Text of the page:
Developers of small modular reactors hope their time has come


Developers of small modular reactors hope their time has come

War, climate worries and oil prices make nuclear power attractive.

Nuclear power has never quite lived up to its promise. Reactors have proved much more expensive than hoped. Accidents and leaks have given it a reputation for being risky despite its zero-carbon credentials. (Attempts to point out that coal-fired power kills far more people than the nuclear variety have failed to convince many voters.) Nuclear’s share of the world’s electricity production fell from 17.5% in 1996 to 10.1% in 2020.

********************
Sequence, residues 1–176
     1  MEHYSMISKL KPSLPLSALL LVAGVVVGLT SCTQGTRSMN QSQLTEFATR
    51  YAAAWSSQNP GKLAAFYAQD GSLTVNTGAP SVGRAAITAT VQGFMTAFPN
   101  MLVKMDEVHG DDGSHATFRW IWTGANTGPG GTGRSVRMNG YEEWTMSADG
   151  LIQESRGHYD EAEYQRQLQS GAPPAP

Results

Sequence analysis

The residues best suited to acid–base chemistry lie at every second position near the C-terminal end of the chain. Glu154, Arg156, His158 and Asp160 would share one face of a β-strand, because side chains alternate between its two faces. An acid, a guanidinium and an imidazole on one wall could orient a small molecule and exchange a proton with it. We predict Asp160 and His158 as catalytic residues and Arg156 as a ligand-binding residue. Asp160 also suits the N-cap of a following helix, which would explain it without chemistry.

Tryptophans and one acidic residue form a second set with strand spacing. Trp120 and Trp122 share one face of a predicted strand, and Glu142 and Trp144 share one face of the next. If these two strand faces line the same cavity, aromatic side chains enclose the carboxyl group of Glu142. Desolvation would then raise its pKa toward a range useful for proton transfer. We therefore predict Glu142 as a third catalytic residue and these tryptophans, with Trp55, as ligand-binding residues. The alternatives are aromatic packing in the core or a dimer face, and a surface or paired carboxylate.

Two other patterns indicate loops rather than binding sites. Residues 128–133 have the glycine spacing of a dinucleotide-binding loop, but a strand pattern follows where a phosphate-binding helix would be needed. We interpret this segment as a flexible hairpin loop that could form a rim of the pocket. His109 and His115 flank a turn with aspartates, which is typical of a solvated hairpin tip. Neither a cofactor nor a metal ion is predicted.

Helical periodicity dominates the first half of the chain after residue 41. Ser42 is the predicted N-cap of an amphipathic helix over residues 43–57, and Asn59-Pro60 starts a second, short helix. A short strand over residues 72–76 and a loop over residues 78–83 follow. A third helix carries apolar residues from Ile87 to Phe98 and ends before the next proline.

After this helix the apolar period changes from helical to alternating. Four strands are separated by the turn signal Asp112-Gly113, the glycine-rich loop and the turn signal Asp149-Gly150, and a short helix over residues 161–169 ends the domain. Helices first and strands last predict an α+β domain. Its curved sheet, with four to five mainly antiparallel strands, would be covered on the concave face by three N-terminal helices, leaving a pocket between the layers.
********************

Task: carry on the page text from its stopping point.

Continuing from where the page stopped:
But governments committed to ambitious climate-change targets have been giving the technology a second glance. In January the European Union added nuclear power to a list of projects eligible for green finance. Russia’s invasion of Ukraine, meanwhile, has sent fossil-fuel prices soaring, and put energy security at the top of the political agenda in Europe, which currently relies heavily on Russian natural gas. The nuclear industry reckons it has just the answer: a new generation of small modular reactors (SMRS), designed to be cheaper, quicker and less financially risky to build.

Quoting From The Economist

Last Updated on March 26, 2022